New Government Technology Could End Drunk Driving Forever

New Government Technology Could End Drunk Driving Forever

According to the Centers for Disease Control (the CDC), in the U.S., more than 10,000 people die each year in drunk driving crashes (that’s about thirty people per day), accounting for roughly 1/3rd of the total deaths that result from traffic accidents each year in the United States. As our Delray Beach personal injury lawyers at the Law Offices of Aronberg & Aronberg know, DUI-involved car crashes cause agony for the families of the victims; in addition, though, they drive-up auto insurance rates and drain the resources of government emergency response organizations. (The collective annual cost of DUI crashes in the U.S. totals almost $60 billion.)

The National Highway Traffic Safety Administration (the NHTSA), a department within the federal government trying to solve the drunk driving crisis in this country, released a report last month in which it detailed a potentially life-saving technology which could prevent drunk driving, making the dangerous yet all too common practice a thing of the past. The report, as our Delray Beach personal injury lawyers know, discussed collaboration between the NHTSA and a technology industry association on a project known as the Driver Alcohol Detection System for Safety (DADSS) program, which is aiming to produce technology that would prevent someone from operating a motor vehicle if they are under the influence of alcohol.

The Alcohol Detection System would prevent a car from moving if the driver registered a blood alcohol content (BAC) at or above .08 (the legal limit in all 50 states). This program will be made available as a safety feature in new vehicles, just like automatic braking, lane departure warnings, etc., appealing to parents who want reassurance that if their children are drinking, they won’t be driving. “Quick, accurate, reliable, and affordable”, the new system would be integrated into vehicles effortlessly, and it wouldn’t interfere with normal operation of the vehicle, as our Delray Beach personal injury lawyers know.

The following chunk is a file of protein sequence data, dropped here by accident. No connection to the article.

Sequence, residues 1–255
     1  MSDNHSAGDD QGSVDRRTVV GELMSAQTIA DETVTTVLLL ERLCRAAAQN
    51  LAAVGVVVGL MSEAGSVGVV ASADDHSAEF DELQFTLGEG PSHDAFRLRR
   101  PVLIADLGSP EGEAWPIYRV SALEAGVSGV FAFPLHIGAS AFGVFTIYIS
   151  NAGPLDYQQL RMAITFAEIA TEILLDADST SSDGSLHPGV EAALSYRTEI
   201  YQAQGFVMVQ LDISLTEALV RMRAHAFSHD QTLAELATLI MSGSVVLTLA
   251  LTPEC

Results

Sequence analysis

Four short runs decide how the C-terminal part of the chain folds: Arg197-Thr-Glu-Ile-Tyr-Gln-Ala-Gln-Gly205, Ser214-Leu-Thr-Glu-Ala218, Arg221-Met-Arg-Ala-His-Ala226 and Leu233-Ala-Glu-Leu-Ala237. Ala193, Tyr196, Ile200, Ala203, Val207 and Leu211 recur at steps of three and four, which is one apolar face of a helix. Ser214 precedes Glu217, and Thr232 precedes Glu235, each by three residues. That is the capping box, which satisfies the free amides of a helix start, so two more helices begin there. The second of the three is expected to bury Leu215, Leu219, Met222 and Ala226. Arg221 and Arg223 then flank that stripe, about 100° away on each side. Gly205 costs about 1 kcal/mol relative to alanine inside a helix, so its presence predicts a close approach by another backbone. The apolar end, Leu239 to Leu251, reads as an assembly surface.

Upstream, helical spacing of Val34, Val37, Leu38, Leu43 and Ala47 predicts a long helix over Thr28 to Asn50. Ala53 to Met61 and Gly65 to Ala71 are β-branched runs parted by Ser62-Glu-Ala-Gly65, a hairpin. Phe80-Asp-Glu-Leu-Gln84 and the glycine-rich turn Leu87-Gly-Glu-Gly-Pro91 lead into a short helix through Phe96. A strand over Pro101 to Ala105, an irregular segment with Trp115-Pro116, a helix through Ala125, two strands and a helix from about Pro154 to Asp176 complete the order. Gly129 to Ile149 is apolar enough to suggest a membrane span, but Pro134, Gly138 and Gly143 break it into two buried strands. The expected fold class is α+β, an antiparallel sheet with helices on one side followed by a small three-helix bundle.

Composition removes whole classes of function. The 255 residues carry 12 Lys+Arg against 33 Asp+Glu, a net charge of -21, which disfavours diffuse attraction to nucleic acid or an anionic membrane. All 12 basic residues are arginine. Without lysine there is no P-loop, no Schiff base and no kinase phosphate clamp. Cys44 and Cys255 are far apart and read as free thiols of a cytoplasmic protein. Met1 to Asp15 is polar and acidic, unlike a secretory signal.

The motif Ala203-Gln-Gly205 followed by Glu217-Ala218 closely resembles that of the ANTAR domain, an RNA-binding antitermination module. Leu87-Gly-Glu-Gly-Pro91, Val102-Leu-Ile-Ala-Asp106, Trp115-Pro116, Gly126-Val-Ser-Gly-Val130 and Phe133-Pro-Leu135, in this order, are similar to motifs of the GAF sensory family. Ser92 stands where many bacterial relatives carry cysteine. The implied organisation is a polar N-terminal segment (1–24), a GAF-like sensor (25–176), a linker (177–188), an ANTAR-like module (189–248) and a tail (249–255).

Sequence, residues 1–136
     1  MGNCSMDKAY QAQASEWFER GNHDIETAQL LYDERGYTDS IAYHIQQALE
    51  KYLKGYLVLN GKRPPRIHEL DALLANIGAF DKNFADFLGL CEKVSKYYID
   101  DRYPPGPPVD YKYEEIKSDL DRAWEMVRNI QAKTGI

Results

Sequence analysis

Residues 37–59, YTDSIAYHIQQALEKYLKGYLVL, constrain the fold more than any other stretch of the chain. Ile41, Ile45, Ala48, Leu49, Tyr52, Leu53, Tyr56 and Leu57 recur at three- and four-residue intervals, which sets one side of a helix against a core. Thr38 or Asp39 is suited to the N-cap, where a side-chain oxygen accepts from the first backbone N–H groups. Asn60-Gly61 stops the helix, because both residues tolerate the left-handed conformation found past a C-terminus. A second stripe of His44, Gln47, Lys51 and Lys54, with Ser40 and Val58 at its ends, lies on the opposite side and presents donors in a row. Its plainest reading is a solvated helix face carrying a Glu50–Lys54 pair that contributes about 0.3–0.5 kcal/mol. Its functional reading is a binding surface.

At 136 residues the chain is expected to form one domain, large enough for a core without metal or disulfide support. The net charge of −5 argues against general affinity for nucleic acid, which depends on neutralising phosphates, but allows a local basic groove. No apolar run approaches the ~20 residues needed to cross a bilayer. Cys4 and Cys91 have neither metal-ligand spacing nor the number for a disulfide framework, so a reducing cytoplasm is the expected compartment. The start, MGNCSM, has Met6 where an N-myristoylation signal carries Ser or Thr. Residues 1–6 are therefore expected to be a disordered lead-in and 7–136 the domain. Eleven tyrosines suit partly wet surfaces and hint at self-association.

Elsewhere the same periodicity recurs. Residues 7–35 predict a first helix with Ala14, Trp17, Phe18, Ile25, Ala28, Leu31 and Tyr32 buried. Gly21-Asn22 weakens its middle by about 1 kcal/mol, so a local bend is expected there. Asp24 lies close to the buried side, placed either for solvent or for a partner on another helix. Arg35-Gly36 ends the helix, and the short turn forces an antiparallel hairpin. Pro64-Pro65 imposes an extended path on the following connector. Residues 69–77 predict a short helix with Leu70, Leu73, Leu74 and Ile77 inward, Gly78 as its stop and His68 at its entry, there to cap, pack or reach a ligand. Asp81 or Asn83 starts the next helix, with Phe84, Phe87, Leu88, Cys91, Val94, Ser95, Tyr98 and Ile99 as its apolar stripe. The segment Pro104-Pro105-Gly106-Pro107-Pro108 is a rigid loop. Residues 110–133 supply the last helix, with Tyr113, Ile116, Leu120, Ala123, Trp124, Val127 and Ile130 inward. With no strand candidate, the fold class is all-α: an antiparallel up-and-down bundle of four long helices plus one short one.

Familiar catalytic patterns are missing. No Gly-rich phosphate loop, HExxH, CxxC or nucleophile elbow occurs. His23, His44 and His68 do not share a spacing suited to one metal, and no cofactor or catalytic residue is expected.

The Alcohol Detection System would be available in one of two very innovative, non-obstructive forms: breath-based or touch-based:

  • The breath-based system would pull the driver’s exhaled breath into a sensor (for instance, located on the driver’s side door or in the steering column). By beaming infrared light at the breath molecules, the sensor would be able to determine the amount and proportion of ethanol being emitted by the driver and it would thus be able to determine the driver’s BAC.
  • The touch-based system detects alcohol below the surface of the skin; it would work through sensors on the touch-ignition button or on the gearshift, which would beam light at the skin in order to detect, with infrared technology, the level of alcohol in the blood below the surface of the skin.

With both forms of the technology, if the sensor(s) register a BAC of .08 of above, the car would be prevented from moving. An animated video showing how the Alcohol Detection System works can be viewed here.

Because of its seamless integration and the fact that it would be purchased as an add-on in new vehicles, it would have mass appeal, as our Delray Beach personal injury lawyers know, and wouldn’t just be “available” to DUI offenders under order from a court.

If you have any questions about this exciting new technology which has the potential of saving thousands of lives each year, or if you or a loved one has been injured in an accident caused by the negligence or recklessness of another, please contact our Delray Beach personal injury lawyers at Aronberg & Aronberg by calling 561-266-9191 or by e-mailing us at We look forward to assisting you!

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